The PAL activity in the pedicels cultivated under weak light (220 μmol·m−2·s−1) was determined by applying a general formula nutrient solution supplemented with shell fragments. The effects of C (mg) and T (weeks) treatment on the activity of PAL in the pedicels were studied. Regression analysis showed that the PAL activity in the pedicel first rose and then decreased with the increase in oyster shell fragment mass C (Fig. 7). When C = 286 (mg) and T = 8.1 (weeks), the activity of PAL reached the maximum value of 0.2936 ± 0.0838 (OD290·g−1·h−1); when C exceeded 286 mg, the activity of PAL decreased with the increase in time. One possible explanation is that the increased duration resulted in a higher cumulative Ca content, which inhibited PAL activity and resulted in a decrease in PAL activity. There were significant differences in PAL activity between oyster shell fragment mass and time (F = 4.1232*, F0.05 = 2.7401, F > F0.05).

Fig. 7.
Fig. 7.

Effects of oyster shell fragments’ quality C (mg) and time [T (w)] treatment on phenylalanine ammonia lyase (PAL) (OD290·g−1·h−1) activity of the pedicle in Anthurium [ŷ = PAL = 0.1169 + 0.0068T + 0.001C – 0.0000033TC – 0.0003607T2 – 0.000001772C2 (F = 4.1232*)]. Three-dimensional response surface plot showing the effect that when T = 8.1438 w, C = 286.07 mg, then PAL activity has a maximum value of 0.2936 ± 0.0838 (OD290·g−1·h−1). w = week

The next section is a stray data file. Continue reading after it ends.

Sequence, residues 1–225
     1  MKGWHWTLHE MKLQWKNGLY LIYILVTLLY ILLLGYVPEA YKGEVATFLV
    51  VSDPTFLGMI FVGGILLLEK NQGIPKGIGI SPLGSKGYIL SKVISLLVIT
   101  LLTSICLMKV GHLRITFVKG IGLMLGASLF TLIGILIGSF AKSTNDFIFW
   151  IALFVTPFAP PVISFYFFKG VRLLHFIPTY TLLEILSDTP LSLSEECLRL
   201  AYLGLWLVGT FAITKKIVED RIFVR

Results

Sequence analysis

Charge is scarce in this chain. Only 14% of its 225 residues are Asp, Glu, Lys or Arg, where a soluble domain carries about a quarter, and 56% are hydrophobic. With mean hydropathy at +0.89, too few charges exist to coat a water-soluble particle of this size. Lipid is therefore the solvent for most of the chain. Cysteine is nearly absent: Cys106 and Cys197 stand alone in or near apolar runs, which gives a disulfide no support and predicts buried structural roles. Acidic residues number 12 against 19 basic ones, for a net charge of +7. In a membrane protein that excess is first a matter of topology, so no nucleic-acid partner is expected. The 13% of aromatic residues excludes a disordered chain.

Citation: HortScience horts 54, 11; 10.21273/HORTSCI14249-19

The results of the single factor test time for PAL activity showed that there was no significant interaction between PAL activity and the single factor of time (F = 0.7857, F0.05 = 19.00, F < F0.05); but when T = 7.4 (weeks), PAL activity had a maximum value of 0.2973 ± 0.0161 (OD290·g−1·h−1). PAL activity was significantly affected by oyster shell fragment mass (F = 4.1232* > F0.05), but not by time.

Content changes of Ca2+ in the pedicles and anthocyanin in the spathe under oyster shell cultivation

The contents of Ca2+ in the pedicels and anthocyanins in the spathe were determined under cultivation with 375 mg oyster shell fragments.

Ca2+ content in the pedicels increased first and then decreased with the increase in treatment time. Ca2+ content (mg) and treatment time (weeks) were not significantly associated (F = 1.694, F0.05 = 19.00, F < F0.05), indicating that the increase in Ca2+ content was not significant with time. However, at T = 8.5 (weeks), the Ca2+ content had a maximum value of 0.4900 ± 0.0482 (mg). It is possible that the accumulation of Ca2+ (with higher absolute value) inhibits PAL activity due to the increase of solubility of oyster shell piece. This characteristic can also be inferred from the correspondence of the peak values of Ca2+ and PAL (Figs. 8 and 9) occurring simultaneously in the eighth week.

Fig. 8.
Fig. 8.

Effects of time [T (w)] treatment on phenylalanine ammonia lyase (PAL) (OD290·g−1·h−1) activity of the pedicle in Anthurium [ŷ = PAL = 0.2562 + 0.0111T – 0.00075T2 (F = 0.7857)]. Two-dimensional response surface plot showing the effect that when T = 7.4 w, PAL activity has a maximum value of 0.2973 ± 0.0161 (OD290·g−1·h−1). w = week

Citation: HortScience horts 54, 11; 10.21273/HORTSCI14249-19

Fig. 9.
Fig. 9.

Effects of time [T (w)] treatment on Ca 2+ (mmol·L−1) content in Anthurium pedicel [ŷ = Ca2+ = 0.2439 + 0.05778T ± 0.003392T2 (F = 1.694)]. Two-dimensional response surface plot showing the effect that when T = 8.5158 w, Ca2+ content has a maximum value of 0.4900 ± 0.0482 (mmol·L−1). w = week

Citation: HortScience horts 54, 11; 10.21273/HORTSCI14249-19